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Nika Salazar: We must value the lives of our students, their families, our teachers, and our community members over the reopening of our economy…

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I will not be complicit in my students, my colleagues, and my community members’ lives being put at risk because our state has pushed to open our economy before we are ready to do so. Equity matters… I need to be given the time and resources to give my students the best distance learning experience possible under these incredibly difficult circumstances.


My name is Nika Salazar. I am a resident of Providence and a 2nd grade teacher at The Learning Community, a public charter school in Central Falls. I am here to speak as an advocate for 100% distance learning across districts in our state until a district shows 14 days with no new cases. I am speaking as an advocate for valuing the lives of our students their families, our teachers, and our community members over the reopening of our economy.

According to the COVID Tracking Project, although the Latinx population comprises only 15% of the population, they represent 46% of all COVID cases in our state of Rhode Island. In addition, the Black population nationally is 2.5 times more likely to die from COVID related illness as compared to the white population. Let us make one thing clear- A return to school will disproportionately and directly affect the district I teach in, which is composed of primarily Latinx, Black, Indigenous, people of color and working class families. And in all districts, a return to school will disproportionately affect our Black communities, Latinx communities, working class communities, and immigrant communities. This will affect all of Rhode Island, and we have no data on the long term effects of contracting this virus, nor its long term effects on children, who are often asymptomatic.

In a public meeting of the Council on Elementary and Secondary Education, Education Commissioner Angelica Infante-Green said the plans for reopening schools for the state of Rhode Island has been heavily researched and will ensure the safety of all, as plans will be driven by science and data, but how has Providence come up with a plan following these guidelines in which students will be asked to self report symptoms and will not be required to wear masks if that is the case? Will that plan keep the students of Providence safe? We know the science and the data- and self-reporting symptoms means that all asymptomatic cases go unchecked. Governor Raimando, did you know that after following state guidelines and having their plan approved by the Department of Health Services Childcare Licensing team, Progreso Latino, a childcare center in Central Falls, which had only 8 children per classroom and teachers in full PPE, had to shut down after 4 teachers tested positive for COVID? Those conditions of social distancing at Progreso Latino are not even possible in most public schools. If Progreso could not contain this virus and prevent spread at their smaller operation with fairly strict social distancing guidelines, how can we expect our schools to prevent transmission? Giving each district the clearance to develop their own plans, when district leaders are not health experts is not only highly irresponsible, but almost certainly lethal, and will be more lethal for students whose families do not have the ability to social distance: working class families and multi-generational families, which comprise a majority of students in Providence and Central Falls.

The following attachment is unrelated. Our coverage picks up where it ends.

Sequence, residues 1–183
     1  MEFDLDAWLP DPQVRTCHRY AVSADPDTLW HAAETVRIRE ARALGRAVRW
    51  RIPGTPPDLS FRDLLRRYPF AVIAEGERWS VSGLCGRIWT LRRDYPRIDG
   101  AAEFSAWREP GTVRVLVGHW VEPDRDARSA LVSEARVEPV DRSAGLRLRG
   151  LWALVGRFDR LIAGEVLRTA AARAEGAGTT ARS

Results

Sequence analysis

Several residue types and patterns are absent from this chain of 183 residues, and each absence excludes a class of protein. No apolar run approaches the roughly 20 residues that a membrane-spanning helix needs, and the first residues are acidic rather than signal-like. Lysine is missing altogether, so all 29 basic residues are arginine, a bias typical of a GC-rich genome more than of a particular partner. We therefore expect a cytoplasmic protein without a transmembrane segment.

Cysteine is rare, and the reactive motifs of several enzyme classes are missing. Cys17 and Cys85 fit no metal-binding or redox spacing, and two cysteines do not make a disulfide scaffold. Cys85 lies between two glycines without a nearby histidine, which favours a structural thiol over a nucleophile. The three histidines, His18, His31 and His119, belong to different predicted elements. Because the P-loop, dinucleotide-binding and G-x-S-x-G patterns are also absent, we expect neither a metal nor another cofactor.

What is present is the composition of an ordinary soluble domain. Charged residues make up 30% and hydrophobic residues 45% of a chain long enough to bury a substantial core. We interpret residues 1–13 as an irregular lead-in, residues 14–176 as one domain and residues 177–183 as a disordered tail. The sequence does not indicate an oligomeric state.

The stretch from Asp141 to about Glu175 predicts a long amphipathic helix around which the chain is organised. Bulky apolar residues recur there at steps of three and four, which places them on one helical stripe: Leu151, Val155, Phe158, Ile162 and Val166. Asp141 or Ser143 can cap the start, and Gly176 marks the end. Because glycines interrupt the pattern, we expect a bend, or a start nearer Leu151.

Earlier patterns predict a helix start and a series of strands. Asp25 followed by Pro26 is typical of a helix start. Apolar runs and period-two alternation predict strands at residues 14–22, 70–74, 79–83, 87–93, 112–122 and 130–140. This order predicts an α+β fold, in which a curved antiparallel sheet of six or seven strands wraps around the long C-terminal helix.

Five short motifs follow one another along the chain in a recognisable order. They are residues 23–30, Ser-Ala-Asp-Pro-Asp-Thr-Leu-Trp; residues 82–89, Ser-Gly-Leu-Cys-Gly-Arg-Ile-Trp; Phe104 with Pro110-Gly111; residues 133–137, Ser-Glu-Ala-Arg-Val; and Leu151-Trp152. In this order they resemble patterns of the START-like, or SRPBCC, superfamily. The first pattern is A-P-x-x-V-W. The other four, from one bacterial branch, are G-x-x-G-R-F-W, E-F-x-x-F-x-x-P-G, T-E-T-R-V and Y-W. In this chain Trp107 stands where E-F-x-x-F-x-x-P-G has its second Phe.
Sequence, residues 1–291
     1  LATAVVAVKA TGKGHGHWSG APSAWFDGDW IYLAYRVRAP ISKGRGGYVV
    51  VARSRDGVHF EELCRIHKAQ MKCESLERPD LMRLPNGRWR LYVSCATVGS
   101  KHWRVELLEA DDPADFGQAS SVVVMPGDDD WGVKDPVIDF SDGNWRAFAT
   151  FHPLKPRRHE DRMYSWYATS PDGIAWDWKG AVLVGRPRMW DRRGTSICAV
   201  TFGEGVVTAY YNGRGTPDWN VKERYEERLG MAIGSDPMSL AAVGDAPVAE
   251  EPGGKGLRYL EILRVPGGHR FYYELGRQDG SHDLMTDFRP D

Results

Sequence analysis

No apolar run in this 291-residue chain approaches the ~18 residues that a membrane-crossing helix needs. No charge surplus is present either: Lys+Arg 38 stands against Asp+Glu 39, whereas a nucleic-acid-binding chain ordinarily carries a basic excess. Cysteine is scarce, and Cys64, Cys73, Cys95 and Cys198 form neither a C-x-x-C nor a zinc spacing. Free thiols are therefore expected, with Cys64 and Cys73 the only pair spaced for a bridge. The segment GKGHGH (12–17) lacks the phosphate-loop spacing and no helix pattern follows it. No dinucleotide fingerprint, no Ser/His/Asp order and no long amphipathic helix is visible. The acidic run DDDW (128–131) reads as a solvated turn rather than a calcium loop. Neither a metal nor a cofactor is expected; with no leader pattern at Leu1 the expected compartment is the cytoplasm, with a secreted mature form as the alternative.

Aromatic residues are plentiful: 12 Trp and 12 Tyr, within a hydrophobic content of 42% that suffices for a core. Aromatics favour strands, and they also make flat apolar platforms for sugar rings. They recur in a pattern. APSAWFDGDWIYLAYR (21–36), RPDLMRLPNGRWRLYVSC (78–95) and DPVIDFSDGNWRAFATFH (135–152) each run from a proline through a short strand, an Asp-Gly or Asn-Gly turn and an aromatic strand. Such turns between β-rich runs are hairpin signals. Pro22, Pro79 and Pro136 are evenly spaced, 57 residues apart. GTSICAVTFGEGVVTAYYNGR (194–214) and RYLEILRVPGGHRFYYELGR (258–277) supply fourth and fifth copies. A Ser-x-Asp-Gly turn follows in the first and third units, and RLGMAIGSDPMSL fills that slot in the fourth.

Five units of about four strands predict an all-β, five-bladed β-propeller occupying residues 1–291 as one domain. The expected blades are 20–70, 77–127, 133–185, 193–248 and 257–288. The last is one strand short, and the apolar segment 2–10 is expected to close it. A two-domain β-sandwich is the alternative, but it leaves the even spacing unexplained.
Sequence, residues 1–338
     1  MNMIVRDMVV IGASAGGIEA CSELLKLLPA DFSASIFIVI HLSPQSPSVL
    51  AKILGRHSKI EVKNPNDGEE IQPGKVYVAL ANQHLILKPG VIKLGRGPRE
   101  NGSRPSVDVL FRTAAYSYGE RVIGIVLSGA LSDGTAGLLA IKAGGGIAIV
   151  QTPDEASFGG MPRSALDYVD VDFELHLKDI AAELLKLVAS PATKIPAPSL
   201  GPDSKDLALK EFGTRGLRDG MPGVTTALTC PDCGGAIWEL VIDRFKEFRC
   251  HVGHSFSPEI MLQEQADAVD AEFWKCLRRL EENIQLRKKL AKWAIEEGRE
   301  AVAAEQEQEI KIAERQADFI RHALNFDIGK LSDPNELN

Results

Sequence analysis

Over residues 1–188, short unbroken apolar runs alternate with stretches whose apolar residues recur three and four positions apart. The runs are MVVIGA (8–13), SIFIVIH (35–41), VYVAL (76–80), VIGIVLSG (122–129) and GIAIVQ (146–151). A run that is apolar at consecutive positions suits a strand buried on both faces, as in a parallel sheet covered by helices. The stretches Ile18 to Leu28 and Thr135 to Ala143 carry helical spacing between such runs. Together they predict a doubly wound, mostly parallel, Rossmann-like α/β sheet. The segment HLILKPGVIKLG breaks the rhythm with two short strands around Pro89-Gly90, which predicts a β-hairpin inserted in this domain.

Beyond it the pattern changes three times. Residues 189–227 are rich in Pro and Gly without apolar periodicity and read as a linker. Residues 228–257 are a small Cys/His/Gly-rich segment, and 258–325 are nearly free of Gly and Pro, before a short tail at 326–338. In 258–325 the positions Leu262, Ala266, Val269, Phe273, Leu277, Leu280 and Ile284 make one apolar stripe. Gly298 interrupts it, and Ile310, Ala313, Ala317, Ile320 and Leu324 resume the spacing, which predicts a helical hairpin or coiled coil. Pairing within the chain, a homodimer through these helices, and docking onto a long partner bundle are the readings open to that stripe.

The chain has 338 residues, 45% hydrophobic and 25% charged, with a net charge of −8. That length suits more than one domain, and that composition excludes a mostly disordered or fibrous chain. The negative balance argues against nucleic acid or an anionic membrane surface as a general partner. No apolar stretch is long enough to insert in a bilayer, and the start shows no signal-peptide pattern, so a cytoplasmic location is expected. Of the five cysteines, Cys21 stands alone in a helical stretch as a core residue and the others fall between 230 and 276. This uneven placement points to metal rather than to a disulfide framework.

Currently, every single member of our community and society benefits from in person school closure. Schools being closed exponentially reduces all community members’ exposure to one another. What we know about this virus is that mask wearing and distancing are the only things that reduce transmission. And what I know about my classroom is that social distancing is impossible, even from six feet, even from three feet, even with half of my class. There is no safe scenario because I am a second grade teacher and my students need support tying shoes and getting materials and wiping their nose. My students need an adult to comfort them when they are upset. My students need time to move and run outside. I will not be able to give my students what they need in person if we return in the fall, and if I do, all of their lives will be put at risk.

I will not be complicit in my students, my colleagues, and my community members’ lives being put at risk because our state has pushed to open our economy before we are ready to do so. Equity matters. We need to be planning and ensuring all of our students have access to the tools and services they need to succeed in distance learning, which we will inevitably return to if schools do reopen, including but not limited to access to technology and hot spots, mental health services, healthy food, school materials, and rent relief so students have guaranteed housing. And as a teacher, I need to be given the time and resources to give my students the best distance learning experience possible under these incredibly difficult circumstances.


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My students’ lives are worth more than our economy or their parents being forced to return to work before it is safe to do so. These plans will kill people. We must not return to school until there are 14 days of no new cases in our districts.